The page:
McCoy : No, Spock. He means that he feels safer about your guesses than most other people's facts.

Spock : Then you're saying...

[pause]

Spock : It is a compliment?

McCoy : It is.

Spock : Ah. Then, I will try to make the best guess I can.

McCoy : Please do.


I wasn't aware that the notion requires high-impact mathematics. If so, you won't get it from me. I've stated long ago in a galaxy near you that I don't do Sci-Fi with a slide rule. Or I'll turn into my sisters who hate the genre, or kzt who hates one of my most favorite selections in the series. If the math doesn't work, what are you going to do as a reader, picket that particular story? What do you do as a fan? Annoy the author? Slide rules only give you info best left alone. Besides, most Sci-Fi authors already fail to pay any taxes on their egregious amounts of pixie dust. The day I reduce Sci-Fi to sitting down and crunching numbers is the day I move on to another genre. Besides, the notion doesn't need high-impact mathematics.

Here are the pertinent Apollo givens . . .

Apollo

It was a remote control node, following along behind the other eight missiles from the same pod,

But its position allowed it to monitor the standard telemetry links from the other missiles of its pod. And it also carried a far more capable AI than any standard attack missile—one capable of processing the data from all of the other missiles' tracking and homing systems and sending the result back to its mothership via grav-pulse.


1. Even before FTL and Apollo, Project Gram managed to give the missiles of the RMN a leg up on Peep missiles by including a very capable AI. The brood of the Apollo control missile aren't exactly lame brains, but very accomplished missiles in their own right. Once upon a time they were being released into the wild in autonomous mode with unprecedented results even before they were given a 23-E as a choir director. They enjoyed attack profiles of their own, surely based on efficient algorithms crunching their own angles of attack. Along with the enemy's present position and vector.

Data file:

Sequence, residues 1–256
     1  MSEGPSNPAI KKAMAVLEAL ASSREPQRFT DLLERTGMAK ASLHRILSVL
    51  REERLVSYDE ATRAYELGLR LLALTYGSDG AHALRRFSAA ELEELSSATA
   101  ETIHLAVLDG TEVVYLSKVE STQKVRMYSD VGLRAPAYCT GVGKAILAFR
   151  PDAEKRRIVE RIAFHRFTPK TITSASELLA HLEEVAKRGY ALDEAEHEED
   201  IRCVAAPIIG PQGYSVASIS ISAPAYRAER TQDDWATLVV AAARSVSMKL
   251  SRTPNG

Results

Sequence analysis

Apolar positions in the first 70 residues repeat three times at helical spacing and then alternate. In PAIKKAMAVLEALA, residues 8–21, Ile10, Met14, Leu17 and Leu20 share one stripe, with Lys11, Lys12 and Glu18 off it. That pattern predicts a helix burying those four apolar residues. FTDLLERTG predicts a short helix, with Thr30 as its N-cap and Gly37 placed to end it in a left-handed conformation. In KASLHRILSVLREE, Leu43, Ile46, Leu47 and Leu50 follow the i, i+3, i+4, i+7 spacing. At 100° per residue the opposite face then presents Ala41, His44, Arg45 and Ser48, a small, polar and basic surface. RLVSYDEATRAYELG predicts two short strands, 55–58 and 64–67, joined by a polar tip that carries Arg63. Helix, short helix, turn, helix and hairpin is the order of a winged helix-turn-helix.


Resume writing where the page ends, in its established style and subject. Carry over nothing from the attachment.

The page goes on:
2. Enter Mk 23-Einstein bringing to the party an even more advanced AI, a super computer compared to the brains of the already accomplished brood. It's tracking all of the data from the brood's tracking and homing systems.

SURELY YOU ARE AWARE OF THE ALGORITHMS AND DATA ALREADY BEING CRUNCHED IN THE SYSTEMS OF THE BROOD?

3. We know that Honorverse computers routinely crunch the likely attack vectors of the incoming missiles it's tracking. How else is a CO going to know to bark the order "Evasive Maneuvers Charlie Alpha Tango!" These aren't simply arbitrary evasive maneuvers. In fact, they are so capable in analyzing these particular parameters that they can even decide which particular ship(s) of a formation is likely being targeted.

4. We also know, by Honor's example, that ships calculate the best vectors to engage the enemy. "We'll go with William Tell at fifty million kilometers." William Tell has his own set of profiles - angles of attack, attack pattern, etc.

5. We also know the ships routinely calculate the best defensive orientation against an enemy's incoming missile storm. Heck, Honor was pretty much able to naturally accomplish it in her head during her legendary knife fight. There certainly is lots of math at the heart of denying an enemy ship an up the kilt shot.

6. I'm betting these basic algorithms (basic to a ship's tactical computers, the 23-E and its brood) are an integral part of their programming. Remember, they have the ability to drop down to autonomous mode if the FTL signal is lost -- being able to crunch the same numbers as the Mother Ship.

7. The mothership is sending all of these parameters to the 23-E who in turn is monitoring what the brains of the brood is thinking, sharing that data with other 23-Es and the mothership, and forever fine tuning angles of attack.

8. We know that the 23-E directs the brood. We know that the 23-Es are communicating with each other. Rest assured they're not a bunch of carpoolers discussing the outcome of their kids latest recital. Which brings us to . . .

Relax wrote:And DW has already said, you cannot turn a missiles sensor away from target without it losing its brains... So, a realistic angle is at best 30 degrees and from forum posts seems to indicate it is MUCH narrower than this in his mind.

Good Luck. Other than a direct chase or head on collision where the enemy is so stupid as to not angle at all, a ramming scenario is impossible.

It doesn't matter if a missile loses its brains if the blind is being led by the seeing -- the other (remaining control missiles of the fifteen hundred 23-Es that can see in Henke's salvo who's been cataloguing the data) 23-Es.

>Help me reengage<

>There's a high probability you're going to see an opportunity to reacquire. We have brood's 2, 7, 9, 16, 34, 57 on bogey 9. His only evasive maneuvers will be X, bringing him into your peripheral vision<